EXPLAINED: Why Kharkiv is one of Ukraine’s most vulnerable cities
(NEXSTAR) – Despite being the second-largest city in Ukraine, the northeast city Kharkiv is particularly threatened as Russia stages an invasion of the country at the order of Vladimir Putin. Attacks began in the early morning hours Thursday, when bombs sounded in a dozen Ukraine cities.
Kharkiv, which has a population of around 1.4 million people, is only about 26 miles from the Russian border. The city – once a capital – is considered a cultural hub, known for its wealth of art, music and history.
The city is also a prime target for Russian takeover.
“Kharkiv has long loomed large in President Vladimir V. Putin’s view that Ukraine is no more than an appendage of Russia unjustly snatched away…” writes the New York Times‘ Andrew Higgins.
Here are the key reasons Kharkiv is so vulnerable.
Most obviously is Kharkiv’s closeness to the Russian border: The nearest Russian city, Belgorad, is a mere 50 miles away. But the city is a border town in more ways than just where it’s located.
As the Washington Post explains, the majority of Kharkiv’s population is Russian-speaking. Residents here have particularly strong ties to Russia, with many traveling back and forth for commerce and family visits relatively recently. Now some say they resent conflict between the two countries and how inconvenient it’s made these trips.
Attitudes toward Russia are warmer in Kharkiv than elsewhere in Ukraine. Here, many Ukrainians also consider themselves Russian.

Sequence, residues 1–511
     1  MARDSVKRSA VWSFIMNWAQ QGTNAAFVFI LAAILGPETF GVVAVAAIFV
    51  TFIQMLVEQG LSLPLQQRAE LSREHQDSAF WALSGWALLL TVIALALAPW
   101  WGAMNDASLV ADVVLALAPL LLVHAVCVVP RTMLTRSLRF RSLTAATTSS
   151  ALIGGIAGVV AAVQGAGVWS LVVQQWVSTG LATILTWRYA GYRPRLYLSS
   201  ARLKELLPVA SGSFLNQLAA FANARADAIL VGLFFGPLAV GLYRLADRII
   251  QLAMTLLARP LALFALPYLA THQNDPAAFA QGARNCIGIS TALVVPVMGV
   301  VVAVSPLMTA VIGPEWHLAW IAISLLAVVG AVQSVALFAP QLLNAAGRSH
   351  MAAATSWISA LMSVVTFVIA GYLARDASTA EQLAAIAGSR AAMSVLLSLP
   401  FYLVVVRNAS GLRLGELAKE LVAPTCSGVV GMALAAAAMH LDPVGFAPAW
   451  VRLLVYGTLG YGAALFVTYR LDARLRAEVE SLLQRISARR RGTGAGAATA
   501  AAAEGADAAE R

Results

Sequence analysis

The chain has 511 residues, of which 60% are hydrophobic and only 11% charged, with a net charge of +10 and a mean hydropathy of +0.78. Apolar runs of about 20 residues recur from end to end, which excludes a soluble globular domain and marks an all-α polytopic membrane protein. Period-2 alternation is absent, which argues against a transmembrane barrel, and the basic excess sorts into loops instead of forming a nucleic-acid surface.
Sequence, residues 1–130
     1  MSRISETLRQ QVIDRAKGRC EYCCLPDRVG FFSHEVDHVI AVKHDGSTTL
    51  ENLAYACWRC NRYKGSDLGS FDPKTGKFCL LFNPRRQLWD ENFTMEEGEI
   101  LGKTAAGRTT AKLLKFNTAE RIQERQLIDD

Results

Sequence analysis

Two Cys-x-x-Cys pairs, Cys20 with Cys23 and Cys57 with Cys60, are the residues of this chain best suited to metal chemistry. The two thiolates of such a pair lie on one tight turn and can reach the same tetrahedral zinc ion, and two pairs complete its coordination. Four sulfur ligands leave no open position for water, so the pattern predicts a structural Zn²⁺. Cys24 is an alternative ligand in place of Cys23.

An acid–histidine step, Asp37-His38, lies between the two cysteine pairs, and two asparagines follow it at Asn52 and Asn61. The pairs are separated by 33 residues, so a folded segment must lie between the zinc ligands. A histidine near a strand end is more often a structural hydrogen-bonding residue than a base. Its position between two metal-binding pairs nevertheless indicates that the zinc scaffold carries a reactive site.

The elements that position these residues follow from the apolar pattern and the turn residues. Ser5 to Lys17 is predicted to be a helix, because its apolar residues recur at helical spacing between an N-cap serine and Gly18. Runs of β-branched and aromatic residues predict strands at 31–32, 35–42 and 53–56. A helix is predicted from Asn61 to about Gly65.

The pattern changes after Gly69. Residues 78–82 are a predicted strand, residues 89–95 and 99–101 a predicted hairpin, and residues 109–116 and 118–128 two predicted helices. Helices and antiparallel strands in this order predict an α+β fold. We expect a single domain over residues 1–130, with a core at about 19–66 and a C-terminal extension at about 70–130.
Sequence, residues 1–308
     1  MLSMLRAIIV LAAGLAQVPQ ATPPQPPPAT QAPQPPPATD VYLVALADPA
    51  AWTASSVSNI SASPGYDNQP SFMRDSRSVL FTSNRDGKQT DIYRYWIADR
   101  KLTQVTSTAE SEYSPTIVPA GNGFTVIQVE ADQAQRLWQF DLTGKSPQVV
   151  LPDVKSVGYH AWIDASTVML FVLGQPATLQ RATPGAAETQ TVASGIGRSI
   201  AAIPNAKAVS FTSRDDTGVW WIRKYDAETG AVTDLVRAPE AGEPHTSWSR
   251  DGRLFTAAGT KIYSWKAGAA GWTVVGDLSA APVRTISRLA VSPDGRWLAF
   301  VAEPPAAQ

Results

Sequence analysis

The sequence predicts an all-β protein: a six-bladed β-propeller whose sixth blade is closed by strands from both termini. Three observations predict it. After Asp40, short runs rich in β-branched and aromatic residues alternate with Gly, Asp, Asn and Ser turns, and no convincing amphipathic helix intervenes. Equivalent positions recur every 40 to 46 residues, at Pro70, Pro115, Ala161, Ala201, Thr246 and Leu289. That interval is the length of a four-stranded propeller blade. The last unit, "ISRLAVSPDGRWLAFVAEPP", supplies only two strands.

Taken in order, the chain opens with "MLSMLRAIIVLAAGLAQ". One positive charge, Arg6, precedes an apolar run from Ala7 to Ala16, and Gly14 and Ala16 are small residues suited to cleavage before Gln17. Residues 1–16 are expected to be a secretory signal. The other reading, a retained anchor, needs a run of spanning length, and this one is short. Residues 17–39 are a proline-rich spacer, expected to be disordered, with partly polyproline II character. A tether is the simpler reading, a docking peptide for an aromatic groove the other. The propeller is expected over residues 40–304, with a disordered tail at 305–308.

Kharkiv mayor Ihor Terekhov previously said residents respect Russia and love Ukraine.
“Yes, we speak Russian. If you ask me if Kharkiv citizens want Ukraine to be friends with Russia, the answer is definitely yes,” said Terekhov. “But do they want war? Definitely not. Do they want for us to be a piece of Russia? Of course not.”
On Feb. 5, thousands of Ukrainians marched through Kharkiv waving Ukraine flags and signs reading “Kharkiv is Ukraine.” Ukraine Pres. Volodymyr Zelensky previously said Kharkiv would be vulnerable to Russian attack. This image was reversed back in 2014, when pro-Russian separatists marched through the streets calling the city “Kharkiv People’s Republic.”
Russia-Ukraine relations have been tense since even before Ukraine gained independence and separated from the Soviet Union in 1991. The situation became even more tenuous in 2014, when pro-Russian Pres. Viktor Yanukovych was ousted after protests. Rather than leave the country, however, Yanukovych went to Kharkiv, where he and several other pro-Russia officials hoped to regain footing.
After the Ukrainian area of Crimea was seized by Russia in 2014, around half a million people who were displaced from the Donetsk and Luhansk regions relocated to Kharkiv. Since 2014 (and before), the city’s proximity has made pro-Russian protests – and even terror attacks – easier to stage.